Top Ten Myths About Scholarships

Mark Kantrowitz

October 02, 2011

Top Ten Myths About Scholarships Top Ten Myths About Scholarships

There are many myths about who wins private scholarships and the benefits of winning scholarships.

These myths can be harmful if they give students and their families unrealistic expectations about their ability to win scholarships. Some myths cause students to underestimate their eligibility for scholarships, discouraging them from applying for scholarships. Other myths cause students and parents to overestimate their eligibility for scholarships, making them overlook other forms of financial aid and opportunities to save to cover college costs. These myths can lead to bad decisions concerning college affordability.

Scholarships are part of the plan for paying for college, but not the entire plan. Most students will need to rely on a combination of different types of financial aid from a variety of sources, including grants, student employment and student loans from the federal and state governments and the colleges and universities, not just private scholarships. But scholarships can help reduce the student’s debt and work burden, saving some money on college costs. Scholarships also provide the student with an opportunity to contribute to the cost of their college education instead of relying only on the bank of mom and dad.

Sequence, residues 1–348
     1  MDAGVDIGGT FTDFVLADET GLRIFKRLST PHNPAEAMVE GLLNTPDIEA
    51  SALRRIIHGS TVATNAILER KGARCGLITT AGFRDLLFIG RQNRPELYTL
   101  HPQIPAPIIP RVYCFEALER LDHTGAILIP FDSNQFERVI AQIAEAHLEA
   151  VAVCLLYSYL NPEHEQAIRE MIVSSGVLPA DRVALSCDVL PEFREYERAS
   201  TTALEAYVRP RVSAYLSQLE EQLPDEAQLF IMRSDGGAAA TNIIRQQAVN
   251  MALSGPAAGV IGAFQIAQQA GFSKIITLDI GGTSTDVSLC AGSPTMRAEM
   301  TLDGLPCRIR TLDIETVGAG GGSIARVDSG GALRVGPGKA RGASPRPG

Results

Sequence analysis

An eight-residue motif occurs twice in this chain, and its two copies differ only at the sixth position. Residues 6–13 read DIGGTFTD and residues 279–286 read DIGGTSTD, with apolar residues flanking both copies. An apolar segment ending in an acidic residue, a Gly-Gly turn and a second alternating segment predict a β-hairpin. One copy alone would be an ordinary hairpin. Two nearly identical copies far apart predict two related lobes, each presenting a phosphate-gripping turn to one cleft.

This article discusses some of the most common myths about who wins scholarships. Some myths suggest that eligibility for scholarships is limited to just students with a particular characteristic, such as good grades, minority status, athletic ability, low income or enrollment in a private high school. Other myths concern the availability of private scholarships, suggesting that many scholarships go unclaimed, that it is very easy for a student to win a completely free ride, that applying for scholarships is too much work or that only high school seniors can apply for scholarships. Finally, there are myths about the impact of winning a scholarship on eligibility for need-based student financial aid.

This article is based on a talk given by Mark Kantrowitz as part of a panel on “The Myths Versus Realities of Successfully Applying for Postsecondary Scholarships” presented at the 2011 National Conference of the National Association for College Admissions Counseling (NACAC) on September 23, 2011. (presentation, handouts)

Next: Only Straight-A Students Win Scholarships

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